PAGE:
If I could have anything, I’d like more competition. I’d love it if the average U.S. citizen had a choice of a dozen or so broadband providers. Then we could have a truly free market. Instead, we have duopolies, a situation much like the situation with electricity and natural gas in most municipalities, and broadband providers face far less regulation than power companies do, even though as they grow in importance.
Here’s some stuff I’ve found in recent weeks that I never got around to posting, so I’ll just round it all up briefly. Continue reading Some security short-takes I never got around to posting
And speaking of hard drives, I found this study on hard drive longevity last week.
I take issue with the opening paragraph but the rest of the article is very good. The opening paragraph is a bit deceptive—hard drives were anything but common 30 years ago. Even 25 years ago, they were a serious status symbol. I remember in 1988, a classmate told me his dad had just bought a computer with a hard drive, and swore me to secrecy. Why? Because in today’s dollars, a computer with a hard drive in 1988 cost around $2,000, minimum, and given that his dad was working towards his master’s degree at the time, he probably had a really hard time affording that. If you had a hard drive even in the late 1980s, you were either very rich, or you took your computing very seriously and were willing to make some serious sacrifices somewhere else.
But, like I said, the rest of the article is very good. I’m being a curmudgeon. Continue reading How long does a hard drive last?
Both Libre Office and Open Office released new versions this week, and the changelog indicates a good amount of shared code between the two, at least in this go-round. The animosity between the two—Libre Office is a fork of Open Office, dating to before the time Oracle spun the project off to Apache—may thus be overstated. Continue reading Libre Office and Open Office both grow up a bit–together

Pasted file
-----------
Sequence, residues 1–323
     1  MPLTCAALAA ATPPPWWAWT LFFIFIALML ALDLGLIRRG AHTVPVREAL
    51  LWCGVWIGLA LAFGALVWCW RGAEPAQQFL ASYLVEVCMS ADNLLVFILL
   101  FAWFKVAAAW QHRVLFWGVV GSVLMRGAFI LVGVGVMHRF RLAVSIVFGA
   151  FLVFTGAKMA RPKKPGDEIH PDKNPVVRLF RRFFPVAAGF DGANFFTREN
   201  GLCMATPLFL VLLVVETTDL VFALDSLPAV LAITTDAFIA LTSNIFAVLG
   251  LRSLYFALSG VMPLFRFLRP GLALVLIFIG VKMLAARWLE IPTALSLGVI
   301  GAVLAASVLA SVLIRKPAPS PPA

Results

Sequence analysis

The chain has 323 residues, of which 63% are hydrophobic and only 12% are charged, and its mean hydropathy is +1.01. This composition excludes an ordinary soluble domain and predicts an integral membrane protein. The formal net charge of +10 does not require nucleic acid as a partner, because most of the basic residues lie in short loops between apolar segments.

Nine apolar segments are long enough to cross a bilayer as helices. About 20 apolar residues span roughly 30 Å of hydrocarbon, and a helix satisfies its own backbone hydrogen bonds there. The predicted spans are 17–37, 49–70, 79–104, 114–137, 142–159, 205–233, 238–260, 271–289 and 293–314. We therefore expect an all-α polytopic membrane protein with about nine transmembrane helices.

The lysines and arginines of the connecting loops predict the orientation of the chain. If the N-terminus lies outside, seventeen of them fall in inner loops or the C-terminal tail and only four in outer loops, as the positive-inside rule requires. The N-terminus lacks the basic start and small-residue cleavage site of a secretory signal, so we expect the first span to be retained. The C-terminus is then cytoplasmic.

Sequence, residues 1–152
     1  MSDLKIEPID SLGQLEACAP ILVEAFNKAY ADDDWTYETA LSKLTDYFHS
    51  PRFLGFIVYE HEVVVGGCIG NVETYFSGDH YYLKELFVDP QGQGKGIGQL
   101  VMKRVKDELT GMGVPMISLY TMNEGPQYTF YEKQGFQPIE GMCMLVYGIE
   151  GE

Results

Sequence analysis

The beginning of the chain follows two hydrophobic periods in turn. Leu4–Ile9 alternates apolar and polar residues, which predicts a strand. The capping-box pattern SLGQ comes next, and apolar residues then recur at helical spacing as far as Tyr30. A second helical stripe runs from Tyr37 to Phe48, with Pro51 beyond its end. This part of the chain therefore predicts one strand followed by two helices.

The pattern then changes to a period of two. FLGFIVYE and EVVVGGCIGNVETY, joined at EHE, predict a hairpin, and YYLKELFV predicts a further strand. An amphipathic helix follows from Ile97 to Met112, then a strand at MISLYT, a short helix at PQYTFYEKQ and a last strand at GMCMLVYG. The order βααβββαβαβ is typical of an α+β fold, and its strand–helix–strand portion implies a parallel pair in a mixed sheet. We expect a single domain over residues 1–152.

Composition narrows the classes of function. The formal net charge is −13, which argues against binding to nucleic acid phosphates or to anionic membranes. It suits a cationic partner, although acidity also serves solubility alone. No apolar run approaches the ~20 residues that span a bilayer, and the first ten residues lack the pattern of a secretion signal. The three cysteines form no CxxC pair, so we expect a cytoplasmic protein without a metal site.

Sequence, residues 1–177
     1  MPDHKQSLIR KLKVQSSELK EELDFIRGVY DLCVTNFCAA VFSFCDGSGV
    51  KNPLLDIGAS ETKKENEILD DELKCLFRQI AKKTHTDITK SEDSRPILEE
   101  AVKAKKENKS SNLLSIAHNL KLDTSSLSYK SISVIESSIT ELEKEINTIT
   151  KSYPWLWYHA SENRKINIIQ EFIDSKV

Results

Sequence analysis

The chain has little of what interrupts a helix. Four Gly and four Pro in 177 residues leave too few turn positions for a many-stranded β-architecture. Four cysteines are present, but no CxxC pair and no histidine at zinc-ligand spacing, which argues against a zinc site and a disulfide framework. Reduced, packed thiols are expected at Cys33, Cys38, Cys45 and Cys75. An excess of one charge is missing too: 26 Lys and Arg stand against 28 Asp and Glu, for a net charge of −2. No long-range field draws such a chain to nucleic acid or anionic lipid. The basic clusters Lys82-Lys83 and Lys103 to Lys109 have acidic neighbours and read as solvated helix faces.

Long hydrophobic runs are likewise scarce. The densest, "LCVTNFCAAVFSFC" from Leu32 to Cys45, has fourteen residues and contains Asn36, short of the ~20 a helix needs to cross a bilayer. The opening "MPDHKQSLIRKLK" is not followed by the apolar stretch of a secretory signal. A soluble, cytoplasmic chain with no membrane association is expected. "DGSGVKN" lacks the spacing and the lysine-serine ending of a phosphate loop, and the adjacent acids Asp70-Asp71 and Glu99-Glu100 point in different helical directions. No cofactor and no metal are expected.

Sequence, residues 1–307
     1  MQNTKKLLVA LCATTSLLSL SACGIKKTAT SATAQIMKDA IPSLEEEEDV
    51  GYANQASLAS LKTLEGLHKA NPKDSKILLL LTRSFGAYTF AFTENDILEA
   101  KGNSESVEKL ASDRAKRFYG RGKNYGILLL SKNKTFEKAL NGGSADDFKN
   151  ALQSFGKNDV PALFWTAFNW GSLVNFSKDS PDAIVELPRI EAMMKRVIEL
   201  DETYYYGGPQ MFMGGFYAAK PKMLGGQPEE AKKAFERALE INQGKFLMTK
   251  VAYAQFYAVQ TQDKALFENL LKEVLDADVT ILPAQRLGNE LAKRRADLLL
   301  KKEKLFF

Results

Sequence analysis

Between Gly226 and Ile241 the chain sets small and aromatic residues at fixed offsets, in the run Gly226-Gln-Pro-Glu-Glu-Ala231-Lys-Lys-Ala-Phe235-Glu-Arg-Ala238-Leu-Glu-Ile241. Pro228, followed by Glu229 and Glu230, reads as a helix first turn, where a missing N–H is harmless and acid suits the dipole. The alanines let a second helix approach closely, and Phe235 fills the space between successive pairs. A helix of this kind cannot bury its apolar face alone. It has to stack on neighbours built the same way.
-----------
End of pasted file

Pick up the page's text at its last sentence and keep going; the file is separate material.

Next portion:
I’ve worked several different shops now that seem to have a misconception about burn-in. So I’m going to explain it.
I think there’s a misconception that if you let a computer run with a light load for a while, it somehow gets stronger, and ready to handle a big workday load.
I’m 5’9″ and weigh about a buck-fifty, so trust me, I know a non-bodybuilder when I see one. And computers aren’t bodybuilders. Continue reading Burn-in explained
No OS is 100% secure if there’s enough desire to get in. There’s a web server exploit targeting Apache, Nginx, and Lighttpd running on Linux–a first of its kind, in at least one regard. Ars Technica has the details, including where to get a script to check to see if your server is infected.
According to this page, if you execute this command:
strings /usr/bin/apache2 | egrep opentty
you’re clean if nothing comes up, and your infected if you see one or more matches. If your system stores its httpd elsewhere, change the first parameter to match.
Tom Gatermann told me about a nice tool for Debian (and presumably Ubuntu) called checkrestart. Sometimes, even though you did an apt-get update and apt-get upgrade to bring your system up to date, you can still be running the out-of-date version of something. That’s the problem checkrestart helps you solve.
Continue reading Here’s a nice Linux tool: checkrestart